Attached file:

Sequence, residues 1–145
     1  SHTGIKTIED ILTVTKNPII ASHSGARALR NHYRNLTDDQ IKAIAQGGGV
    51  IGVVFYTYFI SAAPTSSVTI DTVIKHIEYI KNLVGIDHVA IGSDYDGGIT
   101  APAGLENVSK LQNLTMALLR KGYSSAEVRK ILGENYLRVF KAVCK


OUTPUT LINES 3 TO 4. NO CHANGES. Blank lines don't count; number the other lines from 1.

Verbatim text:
    51  IGVVFYTYFI SAAPTSSVTI DTVIKHIEYI KNLVGIDHVA IGSDYDGGIT
   101  APAGLENVSK LQNLTMALLR KGYSSAEVRK ILGENYLRVF KAVCK